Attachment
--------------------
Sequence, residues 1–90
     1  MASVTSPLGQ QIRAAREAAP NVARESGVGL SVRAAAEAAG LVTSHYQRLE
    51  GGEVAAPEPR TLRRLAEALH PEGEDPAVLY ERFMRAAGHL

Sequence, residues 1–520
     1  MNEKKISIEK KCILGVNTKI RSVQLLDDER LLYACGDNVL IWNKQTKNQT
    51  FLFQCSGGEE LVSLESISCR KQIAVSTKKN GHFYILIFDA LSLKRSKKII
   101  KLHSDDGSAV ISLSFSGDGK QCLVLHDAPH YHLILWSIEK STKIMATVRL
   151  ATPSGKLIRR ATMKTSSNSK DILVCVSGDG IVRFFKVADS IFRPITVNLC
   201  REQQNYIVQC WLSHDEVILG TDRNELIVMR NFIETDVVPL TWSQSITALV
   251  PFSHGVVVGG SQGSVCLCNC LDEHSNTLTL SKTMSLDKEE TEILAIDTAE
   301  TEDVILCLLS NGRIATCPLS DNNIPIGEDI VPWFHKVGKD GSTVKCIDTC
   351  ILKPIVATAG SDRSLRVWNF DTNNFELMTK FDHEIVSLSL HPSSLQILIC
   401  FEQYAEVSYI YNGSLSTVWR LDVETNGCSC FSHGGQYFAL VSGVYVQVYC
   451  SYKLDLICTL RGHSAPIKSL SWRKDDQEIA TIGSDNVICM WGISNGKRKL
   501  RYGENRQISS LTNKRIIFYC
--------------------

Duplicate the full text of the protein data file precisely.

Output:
Sequence, residues 1–90
     1  MASVTSPLGQ QIRAAREAAP NVARESGVGL SVRAAAEAAG LVTSHYQRLE
    51  GGEVAAPEPR TLRRLAEALH PEGEDPAVLY ERFMRAAGHL

Sequence, residues 1–520
     1  MNEKKISIEK KCILGVNTKI RSVQLLDDER LLYACGDNVL IWNKQTKNQT
    51  FLFQCSGGEE LVSLESISCR KQIAVSTKKN GHFYILIFDA LSLKRSKKII
   101  KLHSDDGSAV ISLSFSGDGK QCLVLHDAPH YHLILWSIEK STKIMATVRL
   151  ATPSGKLIRR ATMKTSSNSK DILVCVSGDG IVRFFKVADS IFRPITVNLC
   201  REQQNYIVQC WLSHDEVILG TDRNELIVMR NFIETDVVPL TWSQSITALV
   251  PFSHGVVVGG SQGSVCLCNC LDEHSNTLTL SKTMSLDKEE TEILAIDTAE
   301  TEDVILCLLS NGRIATCPLS DNNIPIGEDI VPWFHKVGKD GSTVKCIDTC
   351  ILKPIVATAG SDRSLRVWNF DTNNFELMTK FDHEIVSLSL HPSSLQILIC
   401  FEQYAEVSYI YNGSLSTVWR LDVETNGCSC FSHGGQYFAL VSGVYVQVYC
   451  SYKLDLICTL RGHSAPIKSL SWRKDDQEIA TIGSDNVICM WGISNGKRKL
   501  RYGENRQISS LTNKRIIFYC